Ki iti El. My cousin Talia happened to call that very same Shavuot afternoon. Talia is not just my favorite cousin in Israel; she is my favorite cousin anywhere. She lives in Tel Aviv and virtually never comes to Jerusalem, so her support up to this point had been primarily via the phone. But that day, out of all the days, she called to let me know that it turned out that a friend was coming to Jerusalem and could give her a lift. Could she come visit? By the time she arrived, I had recovered from my hysteria, but was still so panicked and overwhelmed over various issues that had accumulated and had to be dealt with. Talia not only knows how things are done in Israel, but she knows what you should be thinking when you do them: yihiyeh beseder, it will be okay. She listened to my litany of woes, chided me gently for panicking, and then proceeded to dispense instructions. Try this. Speak to this person. Request this. Do not hesitate to ask for what you need. It is all going to be okay. By the time her friend came to collect her, I was calm and had plan.

Ki iti El. It is the friends who filled my prescriptions and the strangers who filled my refrigerator. Ki iti El. It is the man who heard about me from my bosses. He called me when I was still in the hospital to tell me that he only had one eye, and that he had a perfectly normal life. His call came less than an hour after my father broke the news to me that I might not regain sight in my right eye, and while I was lying in my bed, wondering what my life would be like, and if I would still be able to paint. Ki iti El. It is the family in Atlanta, Georgia who heard about me and arranged to have a beautiful cake delivered to my house, along with a card telling me to be strong. The cake arrived as I sat in my front hall, waiting for my friend Edith to come and take me to an emergency eye appointment. I had started seeing spots in my vision and we suspected my retina had detached. I was terrified, but the note gave me courage. Ki iti El. It was the check for $100 from my Aunt Pearl, accompanied by a note warning me in the strictest terms that the money was to be used for something fun. Both the note and the check were waiting for me at home after I got back from an appointment with a specialist who told me that I really had to do something to reduce my stress levels which were so elevated that my short-term memory was being affected. I used the money to join a gym. (And not to take on a lover, or five, as he suggested).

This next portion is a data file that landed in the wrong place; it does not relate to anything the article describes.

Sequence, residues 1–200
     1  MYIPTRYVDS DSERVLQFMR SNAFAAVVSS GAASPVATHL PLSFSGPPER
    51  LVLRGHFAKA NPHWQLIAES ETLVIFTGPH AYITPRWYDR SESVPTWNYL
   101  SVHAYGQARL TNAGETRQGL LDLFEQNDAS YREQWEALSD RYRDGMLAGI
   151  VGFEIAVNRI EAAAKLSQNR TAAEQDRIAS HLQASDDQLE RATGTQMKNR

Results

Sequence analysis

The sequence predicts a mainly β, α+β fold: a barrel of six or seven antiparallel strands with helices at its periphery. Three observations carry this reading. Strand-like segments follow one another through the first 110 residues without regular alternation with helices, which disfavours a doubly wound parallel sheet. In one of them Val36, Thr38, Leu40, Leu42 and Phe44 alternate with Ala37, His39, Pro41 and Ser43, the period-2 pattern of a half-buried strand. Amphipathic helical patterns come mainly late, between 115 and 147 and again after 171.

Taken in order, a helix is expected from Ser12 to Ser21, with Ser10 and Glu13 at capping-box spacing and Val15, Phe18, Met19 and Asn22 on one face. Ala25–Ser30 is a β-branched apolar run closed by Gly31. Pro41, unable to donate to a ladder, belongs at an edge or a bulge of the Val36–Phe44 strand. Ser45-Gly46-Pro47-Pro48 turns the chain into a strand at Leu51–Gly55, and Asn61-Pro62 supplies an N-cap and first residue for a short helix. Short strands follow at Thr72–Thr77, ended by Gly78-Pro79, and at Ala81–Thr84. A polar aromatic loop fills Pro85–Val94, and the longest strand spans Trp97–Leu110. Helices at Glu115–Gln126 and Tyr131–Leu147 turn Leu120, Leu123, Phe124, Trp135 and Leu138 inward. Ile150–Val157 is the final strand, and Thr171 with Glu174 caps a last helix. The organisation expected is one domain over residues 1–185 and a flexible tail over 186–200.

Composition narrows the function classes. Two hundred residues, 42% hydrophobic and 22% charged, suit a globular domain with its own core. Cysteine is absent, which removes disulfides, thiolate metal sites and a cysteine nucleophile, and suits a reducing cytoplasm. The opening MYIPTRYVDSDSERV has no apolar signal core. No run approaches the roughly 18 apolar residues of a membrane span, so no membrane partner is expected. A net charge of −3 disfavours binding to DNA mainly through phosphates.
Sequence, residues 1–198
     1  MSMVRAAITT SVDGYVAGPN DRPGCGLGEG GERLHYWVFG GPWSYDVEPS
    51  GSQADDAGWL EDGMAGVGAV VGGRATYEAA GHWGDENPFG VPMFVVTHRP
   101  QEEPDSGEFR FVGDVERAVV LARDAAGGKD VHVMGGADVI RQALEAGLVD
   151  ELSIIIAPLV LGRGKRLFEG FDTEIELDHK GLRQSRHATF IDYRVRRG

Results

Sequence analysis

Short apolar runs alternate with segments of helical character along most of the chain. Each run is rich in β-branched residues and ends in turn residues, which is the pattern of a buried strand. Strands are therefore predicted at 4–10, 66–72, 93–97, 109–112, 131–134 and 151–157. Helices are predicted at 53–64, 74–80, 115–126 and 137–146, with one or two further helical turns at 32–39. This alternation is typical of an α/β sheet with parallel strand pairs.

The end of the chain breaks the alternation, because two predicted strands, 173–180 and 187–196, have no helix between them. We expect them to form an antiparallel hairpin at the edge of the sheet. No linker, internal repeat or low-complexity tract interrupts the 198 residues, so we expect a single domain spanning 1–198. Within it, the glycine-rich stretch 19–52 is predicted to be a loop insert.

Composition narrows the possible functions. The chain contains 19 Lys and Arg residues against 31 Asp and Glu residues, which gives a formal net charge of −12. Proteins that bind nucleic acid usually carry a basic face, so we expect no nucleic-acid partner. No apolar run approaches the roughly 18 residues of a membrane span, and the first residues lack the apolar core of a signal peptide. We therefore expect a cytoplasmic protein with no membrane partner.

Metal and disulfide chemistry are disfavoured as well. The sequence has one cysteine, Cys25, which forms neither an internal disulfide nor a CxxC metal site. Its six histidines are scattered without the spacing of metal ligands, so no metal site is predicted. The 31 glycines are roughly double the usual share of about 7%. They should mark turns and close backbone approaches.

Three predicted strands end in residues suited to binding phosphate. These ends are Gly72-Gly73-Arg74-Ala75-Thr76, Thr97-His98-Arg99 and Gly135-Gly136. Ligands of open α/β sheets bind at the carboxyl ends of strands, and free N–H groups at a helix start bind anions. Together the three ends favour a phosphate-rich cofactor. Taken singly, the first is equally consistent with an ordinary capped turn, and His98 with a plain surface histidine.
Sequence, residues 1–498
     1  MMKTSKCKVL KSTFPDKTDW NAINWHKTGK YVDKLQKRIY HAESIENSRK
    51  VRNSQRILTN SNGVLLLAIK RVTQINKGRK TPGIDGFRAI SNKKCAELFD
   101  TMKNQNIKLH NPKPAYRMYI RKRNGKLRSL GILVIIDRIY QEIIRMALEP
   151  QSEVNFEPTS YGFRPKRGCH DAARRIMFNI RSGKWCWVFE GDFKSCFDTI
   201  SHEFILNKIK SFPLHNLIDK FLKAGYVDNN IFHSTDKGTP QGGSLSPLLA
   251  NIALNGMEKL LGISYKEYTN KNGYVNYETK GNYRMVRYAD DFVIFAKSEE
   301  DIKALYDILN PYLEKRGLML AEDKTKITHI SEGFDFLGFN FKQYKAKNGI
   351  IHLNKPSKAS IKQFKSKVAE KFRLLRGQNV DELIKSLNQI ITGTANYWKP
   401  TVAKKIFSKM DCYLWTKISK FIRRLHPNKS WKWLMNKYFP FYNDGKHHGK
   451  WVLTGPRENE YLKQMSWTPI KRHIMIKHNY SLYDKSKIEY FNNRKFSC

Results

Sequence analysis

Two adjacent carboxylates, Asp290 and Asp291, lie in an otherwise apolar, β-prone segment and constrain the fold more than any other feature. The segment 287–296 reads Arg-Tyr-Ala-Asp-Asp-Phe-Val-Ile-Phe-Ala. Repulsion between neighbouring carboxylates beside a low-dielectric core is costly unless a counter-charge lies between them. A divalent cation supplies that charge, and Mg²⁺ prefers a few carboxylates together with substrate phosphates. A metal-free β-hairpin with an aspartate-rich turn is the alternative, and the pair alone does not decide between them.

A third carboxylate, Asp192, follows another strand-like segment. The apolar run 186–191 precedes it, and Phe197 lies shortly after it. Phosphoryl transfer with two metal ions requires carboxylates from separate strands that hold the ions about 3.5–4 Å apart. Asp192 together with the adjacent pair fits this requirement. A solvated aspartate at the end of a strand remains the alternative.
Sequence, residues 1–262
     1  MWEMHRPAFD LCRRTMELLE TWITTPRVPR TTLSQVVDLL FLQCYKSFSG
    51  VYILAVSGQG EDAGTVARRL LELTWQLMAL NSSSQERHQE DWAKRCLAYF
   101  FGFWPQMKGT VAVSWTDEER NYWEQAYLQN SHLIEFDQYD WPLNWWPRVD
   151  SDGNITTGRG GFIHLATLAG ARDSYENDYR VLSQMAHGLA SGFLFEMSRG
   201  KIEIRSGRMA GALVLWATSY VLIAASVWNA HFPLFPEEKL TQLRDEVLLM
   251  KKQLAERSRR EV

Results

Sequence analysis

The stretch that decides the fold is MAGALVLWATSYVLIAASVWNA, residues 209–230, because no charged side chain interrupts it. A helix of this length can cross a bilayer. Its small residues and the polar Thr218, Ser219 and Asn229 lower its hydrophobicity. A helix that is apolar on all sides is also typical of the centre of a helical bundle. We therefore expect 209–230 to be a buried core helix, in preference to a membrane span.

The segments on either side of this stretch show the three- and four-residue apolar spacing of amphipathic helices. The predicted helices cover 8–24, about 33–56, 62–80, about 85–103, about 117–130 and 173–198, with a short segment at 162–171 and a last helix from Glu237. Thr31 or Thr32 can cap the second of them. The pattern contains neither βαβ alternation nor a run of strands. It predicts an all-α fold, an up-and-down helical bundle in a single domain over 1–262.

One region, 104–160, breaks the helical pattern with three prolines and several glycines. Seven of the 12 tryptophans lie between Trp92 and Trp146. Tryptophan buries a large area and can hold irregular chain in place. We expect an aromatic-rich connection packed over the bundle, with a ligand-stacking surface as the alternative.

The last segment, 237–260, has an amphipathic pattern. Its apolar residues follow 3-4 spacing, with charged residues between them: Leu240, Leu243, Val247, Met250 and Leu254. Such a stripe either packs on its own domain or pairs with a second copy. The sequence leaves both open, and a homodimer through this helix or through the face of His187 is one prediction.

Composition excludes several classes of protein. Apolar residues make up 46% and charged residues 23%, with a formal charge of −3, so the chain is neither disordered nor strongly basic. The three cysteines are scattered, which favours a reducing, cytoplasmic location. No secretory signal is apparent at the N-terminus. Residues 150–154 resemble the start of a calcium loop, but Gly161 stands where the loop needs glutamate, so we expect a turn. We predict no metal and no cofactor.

Ki iti El. I moved out of my parent’s house when I was 18, and spent four years working 60 to 80 hours a week to make ends meet. Then I worked my way through college—another five and a half years of lean times. Since the day when I moved out of my parents' house, I cannot remember a time when I was not haunted by the specter of financial disaster. Quitting my job and moving to Israel only intensified my fear. Within twenty-four hours of landing in Israel I was calling accounting firms, and within two weeks I had two part-time jobs. In such a manner I managed to get by, but when I was injured, I was sure that the game was up and financial catastrophe was on its way. I lay in my hospital bed and did mental calculations of how long my savings would last me, and how I could manage to establish myself in the country if I had to use them all up to get myself through until I could go back to work. But in fact, my savings stayed intact. So long as I needed, both the State of Israel and the Jewish community in Israel and abroad made sure that I had I needed, plus extra so I would not need to worry. I cannot say how many times since those days in the hospital I have bought some piddling little item—a notebook for $5—and have found myself whispering a prayer of thanks. How fortunate I am not only to have the money, but also to be in a position where I do not have to think twice about making the purchase.